|University of Waterloo, Canada
|2:00 pm - 3:00 pm
|LINCS Seminars room
A critical problem with the consensus protocols underlying blockchains is that they do not scale well. As the number of participants trying to achieve consensus increases, increasing network traffic from topology-oblivious broadcasts can quickly overwhelm the network, or, when using centralized consensus protocols, overwhelm the central coordinator. Thus, achieving strong consensus is typically restricted to a handful of participants, or systems must resort to weaker forms of consensus, such as those using proof of work. To address this problem, we propose Canopus, a highly-parallel consensus protocol that exploits modern data center network topology, parallelism, and consensus semantics to achieve scalability. Our key insight is to make network communication patterns topology-aware. In our prototype implementation, Canopus achieves rates as high as 5m linearizable transactions/second over 27 nodes distributed across 7 datacenters. I will also discuss a recent extension, Resilient Canopus, that makes Canopus Byzantine Fault Tolerant.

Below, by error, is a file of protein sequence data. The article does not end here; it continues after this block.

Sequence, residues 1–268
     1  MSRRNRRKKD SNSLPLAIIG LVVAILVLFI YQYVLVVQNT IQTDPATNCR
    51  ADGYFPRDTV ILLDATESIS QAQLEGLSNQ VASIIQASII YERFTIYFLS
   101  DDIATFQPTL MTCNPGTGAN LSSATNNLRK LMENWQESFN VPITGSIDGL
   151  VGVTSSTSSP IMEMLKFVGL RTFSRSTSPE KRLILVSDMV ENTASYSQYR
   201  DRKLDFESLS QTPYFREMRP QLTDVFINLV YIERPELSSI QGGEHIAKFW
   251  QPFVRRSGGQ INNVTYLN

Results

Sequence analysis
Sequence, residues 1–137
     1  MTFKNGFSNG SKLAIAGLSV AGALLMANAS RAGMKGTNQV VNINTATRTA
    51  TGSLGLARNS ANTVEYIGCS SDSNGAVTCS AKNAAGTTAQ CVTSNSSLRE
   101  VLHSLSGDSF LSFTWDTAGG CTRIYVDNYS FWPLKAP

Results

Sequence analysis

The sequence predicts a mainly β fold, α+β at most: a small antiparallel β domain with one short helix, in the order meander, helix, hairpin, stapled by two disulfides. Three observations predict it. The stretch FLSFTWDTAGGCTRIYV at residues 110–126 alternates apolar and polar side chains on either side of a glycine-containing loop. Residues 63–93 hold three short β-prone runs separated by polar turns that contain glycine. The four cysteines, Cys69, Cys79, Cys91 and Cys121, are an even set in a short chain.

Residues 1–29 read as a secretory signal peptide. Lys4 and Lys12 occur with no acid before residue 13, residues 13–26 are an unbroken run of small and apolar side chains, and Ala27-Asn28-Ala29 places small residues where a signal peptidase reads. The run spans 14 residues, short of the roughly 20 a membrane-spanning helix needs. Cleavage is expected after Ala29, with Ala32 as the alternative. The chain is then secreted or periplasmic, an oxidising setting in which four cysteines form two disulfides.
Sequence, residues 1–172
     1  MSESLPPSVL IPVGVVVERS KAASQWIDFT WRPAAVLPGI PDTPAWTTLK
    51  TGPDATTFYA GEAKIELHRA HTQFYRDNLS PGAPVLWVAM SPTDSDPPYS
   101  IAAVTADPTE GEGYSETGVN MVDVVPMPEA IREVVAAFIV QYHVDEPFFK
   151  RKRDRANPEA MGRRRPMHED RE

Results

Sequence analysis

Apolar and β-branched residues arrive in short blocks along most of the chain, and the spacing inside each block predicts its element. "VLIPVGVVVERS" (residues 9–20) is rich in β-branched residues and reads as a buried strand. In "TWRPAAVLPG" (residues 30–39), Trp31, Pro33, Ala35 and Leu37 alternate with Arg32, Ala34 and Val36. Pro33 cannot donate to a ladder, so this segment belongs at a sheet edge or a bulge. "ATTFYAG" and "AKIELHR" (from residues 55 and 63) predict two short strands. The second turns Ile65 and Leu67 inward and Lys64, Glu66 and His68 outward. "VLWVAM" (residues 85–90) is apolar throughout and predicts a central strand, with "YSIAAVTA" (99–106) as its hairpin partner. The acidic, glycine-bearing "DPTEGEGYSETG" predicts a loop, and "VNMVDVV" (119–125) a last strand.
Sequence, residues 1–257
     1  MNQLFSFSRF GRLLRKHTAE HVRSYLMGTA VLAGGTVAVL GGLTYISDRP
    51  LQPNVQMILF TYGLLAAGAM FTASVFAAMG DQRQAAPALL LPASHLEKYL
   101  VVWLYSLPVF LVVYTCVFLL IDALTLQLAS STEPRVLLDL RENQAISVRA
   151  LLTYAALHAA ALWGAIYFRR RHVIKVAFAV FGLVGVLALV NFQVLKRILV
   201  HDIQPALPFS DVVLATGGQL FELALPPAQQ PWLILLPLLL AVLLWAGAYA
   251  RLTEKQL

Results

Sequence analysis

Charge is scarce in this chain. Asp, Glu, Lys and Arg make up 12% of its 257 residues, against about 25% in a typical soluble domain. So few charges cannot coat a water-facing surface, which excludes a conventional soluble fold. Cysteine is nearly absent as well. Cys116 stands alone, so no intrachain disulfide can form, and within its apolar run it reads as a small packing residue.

(Joint work with Sajjad Rizvi and Bernard Wong at the University of Waterloo)